Retirement Benefits

How to Prepare for the Early Retirement ‘Spending Surge’

Leading up to and just after retirement, you may spend more money than you think. In the two years before and the three years after the retirement transition period, household spending tends to peak, then decline during later retirement years, according to a study by J.P. Morgan Asset Management.

Many people believe they’ll immediately spend less in their retirement years. Over time, that tends to be true. But around the transition to retirement, average spending actually increases. The study analyzed the spending patterns of approximately 5 million households.

One to two years before retirement, a household’s spending increased before declining over the following two to three years.

Here are some possible spending changes around retirement, and how to plan for your own expenses.

Common Expenses Around Retirement

Although spending tends to level off after the first few years of retirement, early retirees who are younger, healthy, and eager to try new activities sometimes spend more than they anticipate. Keep an eye on some typical expenditures:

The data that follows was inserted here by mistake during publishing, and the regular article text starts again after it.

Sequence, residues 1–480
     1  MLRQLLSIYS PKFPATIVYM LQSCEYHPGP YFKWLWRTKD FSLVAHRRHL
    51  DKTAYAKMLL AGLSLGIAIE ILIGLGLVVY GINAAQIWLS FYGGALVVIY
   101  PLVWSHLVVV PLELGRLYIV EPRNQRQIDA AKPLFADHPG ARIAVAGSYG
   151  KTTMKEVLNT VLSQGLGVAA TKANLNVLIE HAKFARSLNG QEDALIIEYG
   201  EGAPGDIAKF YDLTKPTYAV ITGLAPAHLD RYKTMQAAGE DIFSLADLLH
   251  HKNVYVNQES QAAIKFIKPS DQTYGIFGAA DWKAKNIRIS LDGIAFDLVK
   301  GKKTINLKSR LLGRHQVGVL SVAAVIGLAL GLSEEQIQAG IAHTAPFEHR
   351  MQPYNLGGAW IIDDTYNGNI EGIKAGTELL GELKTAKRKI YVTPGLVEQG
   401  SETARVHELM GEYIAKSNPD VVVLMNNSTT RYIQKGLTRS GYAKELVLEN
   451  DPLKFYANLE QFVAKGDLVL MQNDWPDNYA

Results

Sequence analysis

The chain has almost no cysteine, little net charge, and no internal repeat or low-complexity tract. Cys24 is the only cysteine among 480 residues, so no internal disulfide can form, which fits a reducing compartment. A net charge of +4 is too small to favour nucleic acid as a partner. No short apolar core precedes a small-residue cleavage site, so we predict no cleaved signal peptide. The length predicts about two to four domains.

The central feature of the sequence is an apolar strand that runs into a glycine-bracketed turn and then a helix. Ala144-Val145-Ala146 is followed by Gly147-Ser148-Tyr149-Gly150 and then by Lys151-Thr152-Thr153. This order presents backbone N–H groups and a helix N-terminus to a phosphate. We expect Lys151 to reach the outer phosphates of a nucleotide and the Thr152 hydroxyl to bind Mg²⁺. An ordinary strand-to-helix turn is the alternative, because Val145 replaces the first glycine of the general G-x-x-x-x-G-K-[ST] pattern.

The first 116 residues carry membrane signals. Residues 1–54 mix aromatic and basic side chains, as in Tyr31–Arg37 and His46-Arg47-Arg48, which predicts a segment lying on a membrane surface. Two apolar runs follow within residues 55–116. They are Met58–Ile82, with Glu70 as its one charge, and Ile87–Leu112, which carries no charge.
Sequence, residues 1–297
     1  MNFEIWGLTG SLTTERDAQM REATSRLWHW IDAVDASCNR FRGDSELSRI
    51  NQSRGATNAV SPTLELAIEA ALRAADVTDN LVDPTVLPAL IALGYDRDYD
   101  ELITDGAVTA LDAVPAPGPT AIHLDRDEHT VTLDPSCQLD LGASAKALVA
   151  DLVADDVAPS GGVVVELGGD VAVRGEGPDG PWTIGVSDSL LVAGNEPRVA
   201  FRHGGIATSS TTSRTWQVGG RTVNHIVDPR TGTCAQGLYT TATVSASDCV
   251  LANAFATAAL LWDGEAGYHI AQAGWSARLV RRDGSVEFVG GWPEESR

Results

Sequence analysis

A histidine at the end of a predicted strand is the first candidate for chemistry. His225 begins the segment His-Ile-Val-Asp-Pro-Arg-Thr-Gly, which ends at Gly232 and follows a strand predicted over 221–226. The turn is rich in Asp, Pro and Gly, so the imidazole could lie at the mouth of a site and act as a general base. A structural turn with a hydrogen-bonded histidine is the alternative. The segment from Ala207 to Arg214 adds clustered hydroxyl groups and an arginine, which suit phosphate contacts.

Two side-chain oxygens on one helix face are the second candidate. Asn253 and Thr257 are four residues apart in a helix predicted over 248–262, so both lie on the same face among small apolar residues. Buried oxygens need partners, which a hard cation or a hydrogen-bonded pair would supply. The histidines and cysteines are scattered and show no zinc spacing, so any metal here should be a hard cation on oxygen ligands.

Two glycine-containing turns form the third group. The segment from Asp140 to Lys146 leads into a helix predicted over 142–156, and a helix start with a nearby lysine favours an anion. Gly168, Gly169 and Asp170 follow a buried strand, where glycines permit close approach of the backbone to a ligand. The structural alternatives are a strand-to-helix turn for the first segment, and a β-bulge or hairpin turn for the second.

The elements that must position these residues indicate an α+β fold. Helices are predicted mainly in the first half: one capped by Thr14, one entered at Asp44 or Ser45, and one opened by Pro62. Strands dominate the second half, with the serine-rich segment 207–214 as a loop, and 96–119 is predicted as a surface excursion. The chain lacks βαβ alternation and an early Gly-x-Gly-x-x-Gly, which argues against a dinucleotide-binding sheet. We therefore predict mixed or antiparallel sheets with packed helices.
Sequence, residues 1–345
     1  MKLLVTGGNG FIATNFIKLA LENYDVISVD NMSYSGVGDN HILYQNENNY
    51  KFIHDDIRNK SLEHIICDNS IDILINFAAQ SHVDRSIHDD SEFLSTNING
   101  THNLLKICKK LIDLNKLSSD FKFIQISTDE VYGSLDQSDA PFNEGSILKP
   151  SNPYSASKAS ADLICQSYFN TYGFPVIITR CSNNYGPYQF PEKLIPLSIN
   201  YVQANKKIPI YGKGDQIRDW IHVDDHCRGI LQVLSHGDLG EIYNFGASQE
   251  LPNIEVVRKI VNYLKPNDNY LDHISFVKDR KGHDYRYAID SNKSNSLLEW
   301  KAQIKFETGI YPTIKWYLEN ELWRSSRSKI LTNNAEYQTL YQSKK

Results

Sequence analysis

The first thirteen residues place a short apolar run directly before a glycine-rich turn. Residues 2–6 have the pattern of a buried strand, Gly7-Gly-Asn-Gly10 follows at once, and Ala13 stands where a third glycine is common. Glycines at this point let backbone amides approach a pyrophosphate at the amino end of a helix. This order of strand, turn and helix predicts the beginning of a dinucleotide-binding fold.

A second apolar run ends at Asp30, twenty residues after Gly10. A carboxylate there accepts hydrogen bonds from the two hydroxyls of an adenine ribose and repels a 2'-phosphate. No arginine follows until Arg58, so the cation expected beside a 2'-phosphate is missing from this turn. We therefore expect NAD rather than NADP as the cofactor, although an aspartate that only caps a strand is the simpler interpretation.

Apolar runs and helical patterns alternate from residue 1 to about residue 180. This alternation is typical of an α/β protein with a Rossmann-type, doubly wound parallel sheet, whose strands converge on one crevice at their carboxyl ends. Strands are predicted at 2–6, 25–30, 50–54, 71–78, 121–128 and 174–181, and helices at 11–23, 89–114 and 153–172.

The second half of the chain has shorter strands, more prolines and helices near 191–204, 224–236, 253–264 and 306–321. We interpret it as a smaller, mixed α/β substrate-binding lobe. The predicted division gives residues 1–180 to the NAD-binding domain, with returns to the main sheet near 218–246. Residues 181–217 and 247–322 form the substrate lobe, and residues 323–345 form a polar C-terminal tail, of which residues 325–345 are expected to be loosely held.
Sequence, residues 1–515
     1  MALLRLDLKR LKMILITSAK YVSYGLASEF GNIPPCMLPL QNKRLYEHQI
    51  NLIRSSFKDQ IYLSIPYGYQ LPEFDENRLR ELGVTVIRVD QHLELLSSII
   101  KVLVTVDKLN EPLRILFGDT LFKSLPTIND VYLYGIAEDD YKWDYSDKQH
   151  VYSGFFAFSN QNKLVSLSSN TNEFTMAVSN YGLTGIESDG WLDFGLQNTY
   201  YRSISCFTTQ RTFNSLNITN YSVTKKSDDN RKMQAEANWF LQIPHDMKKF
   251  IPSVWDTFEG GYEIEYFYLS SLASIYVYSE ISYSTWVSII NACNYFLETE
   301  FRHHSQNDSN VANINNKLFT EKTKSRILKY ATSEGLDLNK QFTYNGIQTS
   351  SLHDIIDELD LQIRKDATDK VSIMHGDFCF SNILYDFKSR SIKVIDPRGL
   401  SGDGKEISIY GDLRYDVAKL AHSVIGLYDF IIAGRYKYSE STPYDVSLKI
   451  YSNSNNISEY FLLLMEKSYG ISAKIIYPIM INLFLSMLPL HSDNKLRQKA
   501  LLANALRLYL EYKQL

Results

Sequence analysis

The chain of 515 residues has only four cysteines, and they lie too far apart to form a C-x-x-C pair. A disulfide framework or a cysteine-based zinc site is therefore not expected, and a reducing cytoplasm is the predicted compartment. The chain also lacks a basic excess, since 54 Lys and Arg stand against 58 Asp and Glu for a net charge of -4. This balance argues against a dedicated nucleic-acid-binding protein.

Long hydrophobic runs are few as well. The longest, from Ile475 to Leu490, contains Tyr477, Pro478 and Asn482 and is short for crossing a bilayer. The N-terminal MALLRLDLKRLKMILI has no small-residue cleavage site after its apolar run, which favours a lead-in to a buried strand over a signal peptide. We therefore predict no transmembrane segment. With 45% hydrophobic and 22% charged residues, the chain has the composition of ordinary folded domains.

• Travel: Some retirees plan big trips or hit the road after retiring, an increase to their typical travel budget.
  • Housing: Tackling that home renovation you didn’t have time for when working, or even relocating to a new place, costs money.
  • Lifestyle changes: While the cost of commuting to work decreases, social engagements, eating out, and other entertainment may increase spending.

Plan for a Change in Spending

Average U.S. expenditures decrease after age 55, according to the Bureau of Labor Statistics. After retirement, you won’t be making regular retirement account contributions, for example, or deducting certain taxes from your paycheck.

Experts say you’ll need 70-85% of your working income to maintain your standard of living into retirement.

But while you may spend less on average throughout your entire retirement, in your early retirement years, you may spend as much or even more than you did while you worked, depending on your lifestyle.

Consider your desired retirement lifestyle and project how much that lifestyle will cost. Then compare the lifestyle or the cost with your projected retirement income. Sources of income may include:

  • Your CalPERS pension
  • Deferred compensation, such as a 401(k) or 457 plan
  • Social Security
  • Other savings and investments

Other factors such as taxes, inflation, health care costs, and estate planning may need your consideration, as well.

For more tips, tune in to our Planning Your Financial Future video series: